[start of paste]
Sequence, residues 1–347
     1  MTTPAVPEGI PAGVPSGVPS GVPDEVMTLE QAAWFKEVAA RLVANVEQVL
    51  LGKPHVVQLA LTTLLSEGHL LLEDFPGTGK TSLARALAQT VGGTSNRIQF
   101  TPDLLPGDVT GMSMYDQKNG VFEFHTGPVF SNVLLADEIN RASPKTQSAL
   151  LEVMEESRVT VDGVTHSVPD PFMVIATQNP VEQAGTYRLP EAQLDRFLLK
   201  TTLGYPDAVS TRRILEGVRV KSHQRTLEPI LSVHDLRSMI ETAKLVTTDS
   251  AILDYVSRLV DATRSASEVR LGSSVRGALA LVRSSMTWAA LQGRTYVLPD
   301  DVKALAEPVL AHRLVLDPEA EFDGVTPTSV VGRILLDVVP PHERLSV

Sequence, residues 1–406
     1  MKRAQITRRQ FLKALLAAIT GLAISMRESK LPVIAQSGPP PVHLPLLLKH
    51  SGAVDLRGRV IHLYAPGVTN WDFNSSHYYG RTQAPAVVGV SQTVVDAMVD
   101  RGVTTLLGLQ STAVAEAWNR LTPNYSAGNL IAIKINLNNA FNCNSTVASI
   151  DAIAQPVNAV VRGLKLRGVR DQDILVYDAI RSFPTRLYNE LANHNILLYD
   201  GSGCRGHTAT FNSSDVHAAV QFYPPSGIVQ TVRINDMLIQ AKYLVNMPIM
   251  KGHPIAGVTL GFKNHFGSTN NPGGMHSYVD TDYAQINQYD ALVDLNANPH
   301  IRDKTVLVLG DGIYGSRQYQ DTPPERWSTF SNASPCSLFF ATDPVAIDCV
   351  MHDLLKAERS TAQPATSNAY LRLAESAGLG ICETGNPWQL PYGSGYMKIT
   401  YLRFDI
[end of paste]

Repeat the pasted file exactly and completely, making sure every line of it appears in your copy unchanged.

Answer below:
Sequence, residues 1–347
     1  MTTPAVPEGI PAGVPSGVPS GVPDEVMTLE QAAWFKEVAA RLVANVEQVL
    51  LGKPHVVQLA LTTLLSEGHL LLEDFPGTGK TSLARALAQT VGGTSNRIQF
   101  TPDLLPGDVT GMSMYDQKNG VFEFHTGPVF SNVLLADEIN RASPKTQSAL
   151  LEVMEESRVT VDGVTHSVPD PFMVIATQNP VEQAGTYRLP EAQLDRFLLK
   201  TTLGYPDAVS TRRILEGVRV KSHQRTLEPI LSVHDLRSMI ETAKLVTTDS
   251  AILDYVSRLV DATRSASEVR LGSSVRGALA LVRSSMTWAA LQGRTYVLPD
   301  DVKALAEPVL AHRLVLDPEA EFDGVTPTSV VGRILLDVVP PHERLSV

Sequence, residues 1–406
     1  MKRAQITRRQ FLKALLAAIT GLAISMRESK LPVIAQSGPP PVHLPLLLKH
    51  SGAVDLRGRV IHLYAPGVTN WDFNSSHYYG RTQAPAVVGV SQTVVDAMVD
   101  RGVTTLLGLQ STAVAEAWNR LTPNYSAGNL IAIKINLNNA FNCNSTVASI
   151  DAIAQPVNAV VRGLKLRGVR DQDILVYDAI RSFPTRLYNE LANHNILLYD
   201  GSGCRGHTAT FNSSDVHAAV QFYPPSGIVQ TVRINDMLIQ AKYLVNMPIM
   251  KGHPIAGVTL GFKNHFGSTN NPGGMHSYVD TDYAQINQYD ALVDLNANPH
   301  IRDKTVLVLG DGIYGSRQYQ DTPPERWSTF SNASPCSLFF ATDPVAIDCV
   351  MHDLLKAERS TAQPATSNAY LRLAESAGLG ICETGNPWQL PYGSGYMKIT
   401  YLRFDI